Gegenpressing Style of Football and Liverpool
“The best moment to win the ball is immediately after your team just lost it,”- Jürgen Klopp
What is Gegenpressing?
Gegenpressing literally means ‘High Pressing or Pressing Against’. It is a style of football in which the team that loses the possession of the ball attempts to win back the ball immediately rather than falling back or regrouping to negate the opponent.
The team moves up the field to press and regain possession. The motive is to give as less a time as possible for the opposition to settle down with the ball and their formation.
The team has to be compact. If there are spaces when the team presses high, it becomes easier for the opponent to pass through the gaps and it should be both vertically and laterally.
The two most important attributes in players for Gegenpressing are stamina and technical ability. Stamina and fitness are needed to last the entire game with such high pressing and the players need to be technically sound because the entire style of play depends on how well you tackle and win the ball back.
The idea is to minimize the time an opponent has on the ball and force him to play the ball early, make him commit mistakes and then start a counter-attack. The teams need to be fit, run incessantly, cover maximum ground and play beautiful counter-attacking football.
No room for luxury players
The team must defend with high lines, maintain a perfect defensive shape and push the ball wide when the opponent is in possession. This style of play is only successful when all the players work in unison, and not by a single player or department.
The opposition is left with no option but to play long balls forward or pass backward, away from the goal.
You also have to understand when to stop pressing for the ball. There is a window to it. You can’t keep running to hunt the ball down, not only because of stamina but also because of the window.
Once the moment is passed, the team can hit the ball long into space behind the high defence and hence the role of sweeper-keeper is crucial.
Also important to this style of play is the ability to pass the ball immediately and accurately once you have won the ball back. If you are not a good passer or are left stranded with the ball in the middle of the park, you may invite a counter-attack yourself.
Klopp at Dortmund
The biggest proponent for the gegenpressing game is the Liverpool manager Jurgen Klopp who mastered it back when he was in Borussia Dortmund and has kept it close to his heart since his days at Mainz. He calls Gegenpressing ‘the best playmaker there is’.
Before Dortmund’s match against Arsenal in 2013 in the Champions League, Klopp had commented on the difference in style of play of Arsenal and Arsene Wenger, and his team. He said, “I think he likes having the ball, playing good football, it’s like an orchestra. But it’s a silent song. I prefer heavy metal”.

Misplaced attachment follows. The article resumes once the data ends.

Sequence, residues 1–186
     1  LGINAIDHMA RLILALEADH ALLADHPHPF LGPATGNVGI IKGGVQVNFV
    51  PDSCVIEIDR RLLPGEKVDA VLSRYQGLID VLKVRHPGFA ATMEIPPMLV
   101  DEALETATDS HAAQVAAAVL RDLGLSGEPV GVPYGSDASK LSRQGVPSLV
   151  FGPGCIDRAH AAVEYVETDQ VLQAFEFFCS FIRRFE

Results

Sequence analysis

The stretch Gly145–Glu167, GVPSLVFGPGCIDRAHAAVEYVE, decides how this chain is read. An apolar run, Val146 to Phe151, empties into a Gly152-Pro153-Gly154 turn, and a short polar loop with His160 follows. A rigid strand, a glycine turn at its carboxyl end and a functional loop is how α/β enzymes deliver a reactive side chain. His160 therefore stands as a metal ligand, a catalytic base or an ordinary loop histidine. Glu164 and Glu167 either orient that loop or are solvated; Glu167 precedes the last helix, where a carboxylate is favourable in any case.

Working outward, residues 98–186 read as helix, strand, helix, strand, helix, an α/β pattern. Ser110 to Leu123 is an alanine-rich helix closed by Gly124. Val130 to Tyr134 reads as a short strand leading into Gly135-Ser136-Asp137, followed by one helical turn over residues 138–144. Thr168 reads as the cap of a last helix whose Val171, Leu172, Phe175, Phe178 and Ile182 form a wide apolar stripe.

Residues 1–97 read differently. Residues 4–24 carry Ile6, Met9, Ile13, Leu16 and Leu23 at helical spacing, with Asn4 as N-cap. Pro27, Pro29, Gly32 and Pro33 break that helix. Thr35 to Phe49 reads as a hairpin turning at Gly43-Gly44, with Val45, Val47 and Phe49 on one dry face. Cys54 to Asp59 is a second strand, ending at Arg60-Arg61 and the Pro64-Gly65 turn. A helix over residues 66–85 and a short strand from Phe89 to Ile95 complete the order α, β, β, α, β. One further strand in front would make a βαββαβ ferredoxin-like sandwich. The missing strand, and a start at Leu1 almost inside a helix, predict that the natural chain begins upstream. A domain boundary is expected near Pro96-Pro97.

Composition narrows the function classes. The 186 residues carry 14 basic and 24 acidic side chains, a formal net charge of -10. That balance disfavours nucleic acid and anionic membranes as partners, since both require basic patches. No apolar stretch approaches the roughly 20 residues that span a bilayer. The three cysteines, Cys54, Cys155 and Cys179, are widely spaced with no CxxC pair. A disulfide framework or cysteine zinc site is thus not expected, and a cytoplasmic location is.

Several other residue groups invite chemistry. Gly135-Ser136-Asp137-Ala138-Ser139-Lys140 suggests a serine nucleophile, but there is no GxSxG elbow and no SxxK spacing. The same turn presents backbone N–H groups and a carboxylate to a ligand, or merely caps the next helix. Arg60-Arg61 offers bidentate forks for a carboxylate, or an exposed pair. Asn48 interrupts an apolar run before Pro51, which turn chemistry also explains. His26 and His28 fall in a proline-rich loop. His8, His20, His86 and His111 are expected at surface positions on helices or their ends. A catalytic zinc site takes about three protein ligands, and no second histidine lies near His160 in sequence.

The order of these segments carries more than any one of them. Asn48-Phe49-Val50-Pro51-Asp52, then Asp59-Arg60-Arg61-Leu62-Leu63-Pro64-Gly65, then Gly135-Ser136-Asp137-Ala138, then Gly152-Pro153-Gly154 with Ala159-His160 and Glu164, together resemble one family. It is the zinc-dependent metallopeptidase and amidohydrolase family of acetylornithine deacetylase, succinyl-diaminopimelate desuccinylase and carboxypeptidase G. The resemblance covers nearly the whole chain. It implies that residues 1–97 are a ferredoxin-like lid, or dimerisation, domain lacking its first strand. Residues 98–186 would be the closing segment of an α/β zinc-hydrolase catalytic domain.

Jupp Heynckes had to use it against Dortmund to defeat them 2-1 in the UCL finals after humiliating Barcelona 7-0 in the semis, over the two legs.
In Klopp’s Dortmund, once the opposition had gained complete control of the ball, the wide-men would drop, almost forming two lines of four.
Klopp at Liverpool
At Liverpool, Klopp plays a 4-3-3. They try to play a possession based attacking game. The Defensive Midfielder drops back to create a virtual 3 at the back, with Coutinho drifting in and creating play. The number 6 sits back, the two other midfielders create, wide players drift in and out, and full backs push high.
Liverpool can attack when the possession is won back as the opponent is not defensively aligned and on the charge. Also, by forcing the opposition wide, space is created in the centre or half-space of the pitch.
The front three is rotational with wide players can drift into space, push high or cut inside, and the striker can drop deep.
With full backs pushing high, and the number 6 dropping deeper, it gives Liverpool a good central rigidity, which also pushes the opponents to attack with width. This system works for Liverpool because they have intelligent, technical players who make it work, Lallana, Mane, Firmino, Coutinho and now Salah.
Firmino, Coutinho and now Salah
Firmino has changed his shirt number to 9. He might be playing a false nine more than before. With Salah in the squad, Mane is likely to shift to the left with both playing as inverted wingers, looking inwards more frequently.
Coutinho will sit in the heart of the midfield, pulling the strings and run into the spaces created by the false nine or overload on wings as and when required.
One thing that stands out in Liverpool’s run-in last season was their match against West Ham which they won 4-0. It was 4-4-2 but with a midfield diamond with Coutinho in the middle and Sturridge and Origi up front. They have two different plans for their squad, if required.
Firmino, Salah and Mane won’t be in the race for the Golden Boot but will team up to rattle defences. As per Richard Jolly, “…there should be a three-way battle between more selfless competitors, in Firmino, Mane and Salah, to be Anfield’s leading marksman. None is really a striker, but each has the capacity to strike.”
They have pace, getting physically stronger and have adopted to Klopp’s style of play. They are not far from being a great side with some reinforcements at the back like Van Dijk. The vulnerability of the centre backs and the inconsistency of Mignolet has let them down way too many times now.
But the new question is, Can Liverpool retain its main men (Read Coutinho!)?